Carers’ and Confidentiality

ad-1238799_1280Many Carers struggle with the apparent silence that may happen as soon as the ‘cared-for’ person starts to get appointments with the MH team. One day you know everything that is going on, while the next they are seeing people and being offered treatment, and you feel excluded. This is frustrating when you have all the history and often a more detailed knowledge of the situation, possibly more than the person themselves.
A professional is trained to consider a patient’s confidentiality as very important because it demonstrates respect for the person and their right to have control. It also helps form a successful relationship with them where they can be honest and this will help with diagnosis and treatment. But a Carer also needs to know information which will enable them to offer appropriate help both on a practical and an emotional level.

Making it clear to any professional that you are a major source of support is very important. This can be tricky if the unwell person themselves denies your relationship, but persist.

    You are their Carer and have different rights and privileges to other people who are acquaintances or who are just visiting.

You can attend appointments with the cared-for person if they want that, but it can be good not to go every time. There needs to be sensitivity about them forming helpful relationships directly with staff. Ask for time alone
with professionals if it is difficult to talk freely with the cared-for person present. Ask to see the person’s primary/named nurse if they are in hospital or their lead practitioner if they are at home. Many psychiatrists
will see Carers alone too; it is always worth asking

The next passage is taken directly from Sussex Partnership NHS Foundation Trust’s Carers handbook. Although this is now out of date the priniciples within it are still those that staff should adhere to.

All patients can decide what information is shared about them unless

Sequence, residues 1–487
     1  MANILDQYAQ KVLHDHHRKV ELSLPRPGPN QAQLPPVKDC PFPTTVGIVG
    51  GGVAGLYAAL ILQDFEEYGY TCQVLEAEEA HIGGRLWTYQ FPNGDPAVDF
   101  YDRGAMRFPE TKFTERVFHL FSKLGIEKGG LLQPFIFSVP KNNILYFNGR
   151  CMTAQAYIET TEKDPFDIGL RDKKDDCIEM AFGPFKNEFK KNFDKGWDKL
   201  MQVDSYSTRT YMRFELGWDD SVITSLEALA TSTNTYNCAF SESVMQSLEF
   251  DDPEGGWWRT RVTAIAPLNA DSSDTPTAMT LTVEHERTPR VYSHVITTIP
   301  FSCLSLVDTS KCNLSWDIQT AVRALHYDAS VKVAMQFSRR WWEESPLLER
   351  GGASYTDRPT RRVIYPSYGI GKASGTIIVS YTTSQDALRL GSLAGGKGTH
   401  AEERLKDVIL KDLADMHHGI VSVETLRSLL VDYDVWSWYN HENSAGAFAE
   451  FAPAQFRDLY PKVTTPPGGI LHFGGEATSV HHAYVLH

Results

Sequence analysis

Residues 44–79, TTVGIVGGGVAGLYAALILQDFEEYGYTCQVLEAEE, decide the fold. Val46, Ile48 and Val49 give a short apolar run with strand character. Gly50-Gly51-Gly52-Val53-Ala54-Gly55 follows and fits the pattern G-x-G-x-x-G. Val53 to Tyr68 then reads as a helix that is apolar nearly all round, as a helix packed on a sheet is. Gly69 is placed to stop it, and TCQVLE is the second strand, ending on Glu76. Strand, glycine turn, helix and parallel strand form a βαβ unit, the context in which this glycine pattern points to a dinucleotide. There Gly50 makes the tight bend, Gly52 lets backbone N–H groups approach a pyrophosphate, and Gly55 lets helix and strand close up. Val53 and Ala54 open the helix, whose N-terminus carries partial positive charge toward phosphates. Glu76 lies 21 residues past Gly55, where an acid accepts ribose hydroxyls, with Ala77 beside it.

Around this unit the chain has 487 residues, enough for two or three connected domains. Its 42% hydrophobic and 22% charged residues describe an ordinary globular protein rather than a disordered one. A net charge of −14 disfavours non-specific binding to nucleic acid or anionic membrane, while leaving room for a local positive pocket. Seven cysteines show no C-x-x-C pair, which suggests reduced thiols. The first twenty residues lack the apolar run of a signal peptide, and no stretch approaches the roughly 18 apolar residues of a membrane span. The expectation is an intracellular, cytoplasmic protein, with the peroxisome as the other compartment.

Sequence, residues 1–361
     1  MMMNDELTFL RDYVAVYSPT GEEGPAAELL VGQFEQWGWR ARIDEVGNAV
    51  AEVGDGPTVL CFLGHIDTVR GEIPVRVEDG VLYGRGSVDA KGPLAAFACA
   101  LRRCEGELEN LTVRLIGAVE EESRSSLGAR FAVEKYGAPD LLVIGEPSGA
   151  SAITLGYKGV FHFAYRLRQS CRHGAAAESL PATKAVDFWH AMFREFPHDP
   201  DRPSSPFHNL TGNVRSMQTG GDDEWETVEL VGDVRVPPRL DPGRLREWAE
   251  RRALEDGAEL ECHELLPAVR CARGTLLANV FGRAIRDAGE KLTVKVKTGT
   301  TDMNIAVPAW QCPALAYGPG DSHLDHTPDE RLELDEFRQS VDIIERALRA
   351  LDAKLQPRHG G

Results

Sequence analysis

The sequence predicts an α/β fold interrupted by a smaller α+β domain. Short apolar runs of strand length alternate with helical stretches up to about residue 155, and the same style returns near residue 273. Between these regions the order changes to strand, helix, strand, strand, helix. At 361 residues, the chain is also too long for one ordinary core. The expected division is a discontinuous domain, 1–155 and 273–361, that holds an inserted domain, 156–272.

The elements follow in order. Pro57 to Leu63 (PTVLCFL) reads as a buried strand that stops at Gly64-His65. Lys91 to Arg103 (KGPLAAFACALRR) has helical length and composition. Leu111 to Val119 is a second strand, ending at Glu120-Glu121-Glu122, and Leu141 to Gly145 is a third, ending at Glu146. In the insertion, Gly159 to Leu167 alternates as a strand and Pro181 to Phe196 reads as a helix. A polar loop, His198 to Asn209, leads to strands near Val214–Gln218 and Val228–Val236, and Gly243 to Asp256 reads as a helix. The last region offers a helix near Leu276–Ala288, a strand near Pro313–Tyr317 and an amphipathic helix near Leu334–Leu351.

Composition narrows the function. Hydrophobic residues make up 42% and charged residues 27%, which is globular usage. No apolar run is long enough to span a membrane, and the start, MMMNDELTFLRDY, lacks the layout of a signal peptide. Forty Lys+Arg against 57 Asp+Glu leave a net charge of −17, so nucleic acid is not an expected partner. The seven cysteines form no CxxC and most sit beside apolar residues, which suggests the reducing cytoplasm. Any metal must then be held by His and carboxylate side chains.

-They are incapable of making that decision.
-Not sharing could lead to you as a Carer or someone else being harmed.

They can decide to share everything, nothing, or just some things.
This can only be overridden if it is justified by risk or if required by law.
Decisions about consent to sharing are recorded in a patient’s health records.
– It is not a breach of confidentiality to talk about information which a Carer already knows.

– Staff can also listen to what a Carer has to say about the person they care for even if they cannot answer specific questions.

– Anything you tell staff is also confidential unless you tell them it is all right to discuss it with another person.

– Just talking with staff and staff making conversation with you does not breach confidentiality.

The Carers handbook also states:
Where consent to share information has been withheld staff should discuss the implications of that decision with you and with the patient.
Decisions about sharing information are not fixed for ever. They should be reviewed, especially where a Carer’s level of involvement changes or the patient’s mental health situation changes.

Whatever level of privacy the person you care for wants, as a Carer you should get information about:
• mental health problems and where you can go to get more information.
• what treatments are available generally, how they work and what the potential side effects are.
• what services are available.
• what to do if you are concerned about the person you care for.
• who to contact in an emergency, including out of office hours.
• how best to cope with the effects of mental health problems at critical times, such as home leave and after the person has been discharged from hospital.
• what support would be provided if you were no longer able to care.

cartoon-1300894_1280Staff should be aware of these principles and abide by them, but it can still be a struggle to get time with a busy professional. Staff can be unsure and lack confidence around talking to families out of fear that a complaint will be made by the service user.

In addition it can be frustrating that your ‘life or death’ crisis is a daily occurrence for them and they may not appear to be giving it the attention you feel it needs because they see many similar ‘emergencies’.
Being calm can be tough when you are worried sick, getting angry and no one seems to want to talk to you!